The indictment stated Purdy and co-conspirators “agreed not to compete, or to stop competing, against each other on the purchase of selected properties,” that they “designated which conspirator would bid for selected properties,” and “purchased selected properties at public foreclosure auctions at prices they artificially suppressed.”  

A jury found Purdy guilty of entering into a conspiracy to commit bid rigging, according to court documents filed June 16, 2017.  

Purdy also was accused of six counts of bank fraud in the indictment for his alleged part in the sale of five properties in Gainesville, Cumming and Alpharetta.

During the conspiracy, Purdy and others made payoffs to and from each other, “diverting money that otherwise would have gone to the foreclosing financial institutions, other lienholders and homeowners,” according to the indictment.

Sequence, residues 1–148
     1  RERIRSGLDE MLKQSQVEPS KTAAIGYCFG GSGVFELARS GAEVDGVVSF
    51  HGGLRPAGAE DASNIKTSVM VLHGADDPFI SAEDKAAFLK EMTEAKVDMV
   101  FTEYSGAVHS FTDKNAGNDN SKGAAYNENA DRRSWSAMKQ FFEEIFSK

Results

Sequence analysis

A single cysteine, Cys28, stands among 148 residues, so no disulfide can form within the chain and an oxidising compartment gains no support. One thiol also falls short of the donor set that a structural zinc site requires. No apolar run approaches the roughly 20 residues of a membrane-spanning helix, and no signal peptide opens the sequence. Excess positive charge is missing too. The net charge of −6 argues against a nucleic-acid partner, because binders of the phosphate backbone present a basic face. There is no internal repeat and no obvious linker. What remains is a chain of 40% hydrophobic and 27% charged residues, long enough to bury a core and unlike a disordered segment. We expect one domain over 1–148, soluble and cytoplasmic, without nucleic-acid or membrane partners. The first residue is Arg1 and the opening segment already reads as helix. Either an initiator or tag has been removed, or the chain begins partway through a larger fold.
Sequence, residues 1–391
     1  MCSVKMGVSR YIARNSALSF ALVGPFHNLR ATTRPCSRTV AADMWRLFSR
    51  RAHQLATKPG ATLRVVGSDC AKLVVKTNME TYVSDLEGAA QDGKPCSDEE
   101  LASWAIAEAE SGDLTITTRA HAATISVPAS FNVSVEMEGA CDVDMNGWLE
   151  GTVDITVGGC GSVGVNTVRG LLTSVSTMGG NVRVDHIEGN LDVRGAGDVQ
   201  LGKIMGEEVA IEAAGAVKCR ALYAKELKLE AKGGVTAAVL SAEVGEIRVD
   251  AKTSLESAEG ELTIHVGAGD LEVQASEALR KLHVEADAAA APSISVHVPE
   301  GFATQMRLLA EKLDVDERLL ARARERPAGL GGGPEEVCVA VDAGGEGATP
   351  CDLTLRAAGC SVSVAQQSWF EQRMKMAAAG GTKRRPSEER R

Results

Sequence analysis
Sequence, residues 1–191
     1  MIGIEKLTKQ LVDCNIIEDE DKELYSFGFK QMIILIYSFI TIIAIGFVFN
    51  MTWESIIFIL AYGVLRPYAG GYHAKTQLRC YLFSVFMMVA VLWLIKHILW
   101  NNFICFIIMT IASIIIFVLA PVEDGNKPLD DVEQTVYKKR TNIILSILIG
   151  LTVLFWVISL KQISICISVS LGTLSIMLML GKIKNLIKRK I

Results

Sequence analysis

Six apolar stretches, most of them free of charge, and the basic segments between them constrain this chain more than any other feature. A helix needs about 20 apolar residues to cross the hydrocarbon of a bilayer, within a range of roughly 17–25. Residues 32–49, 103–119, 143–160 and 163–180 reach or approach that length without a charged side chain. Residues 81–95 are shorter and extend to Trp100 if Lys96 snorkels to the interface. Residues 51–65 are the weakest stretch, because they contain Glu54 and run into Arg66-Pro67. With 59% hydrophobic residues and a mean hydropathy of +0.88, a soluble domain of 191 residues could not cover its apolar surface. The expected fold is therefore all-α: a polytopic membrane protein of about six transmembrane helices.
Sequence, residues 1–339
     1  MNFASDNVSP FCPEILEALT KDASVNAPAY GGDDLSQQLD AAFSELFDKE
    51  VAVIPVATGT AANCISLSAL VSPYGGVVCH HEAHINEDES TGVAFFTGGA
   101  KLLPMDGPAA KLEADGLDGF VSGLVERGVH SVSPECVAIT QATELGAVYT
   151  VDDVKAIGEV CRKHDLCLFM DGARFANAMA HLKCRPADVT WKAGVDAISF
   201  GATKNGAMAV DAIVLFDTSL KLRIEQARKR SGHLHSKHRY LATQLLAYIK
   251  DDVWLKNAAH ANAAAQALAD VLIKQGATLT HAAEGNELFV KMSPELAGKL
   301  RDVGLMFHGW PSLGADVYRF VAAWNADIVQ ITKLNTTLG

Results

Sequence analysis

Purdy was found guilty on two of those charges, for the auction of properties in Gainesville and Cumming in 2009 and 2010.

In addition to his jail sentence, Purdy and his co-conspirators were ordered to pay $100,979.86 to the eight financial institutions affected from 2008 to 2011.

Purdy will also serve 36 months of supervised release at the end of his sentence and will pay a $1,000 fine.  

Article source: https://www.gainesvilletimes.com/news/real-estate-investor-sentenced-rigging-bids-foreclosed-properties/

Helping Borrowers Understand Foreclosure Prevention Options

The U.S. Department of Housing and Urban Development (HUD) released the Homeowners Guide to Success on Wednesday to provide homeowners with information on the critical first steps to take if they are at risk of missing a mortgage payment or facing foreclosure. These steps include asking homeowners to speak to their servicers to explore mortgage assistance options.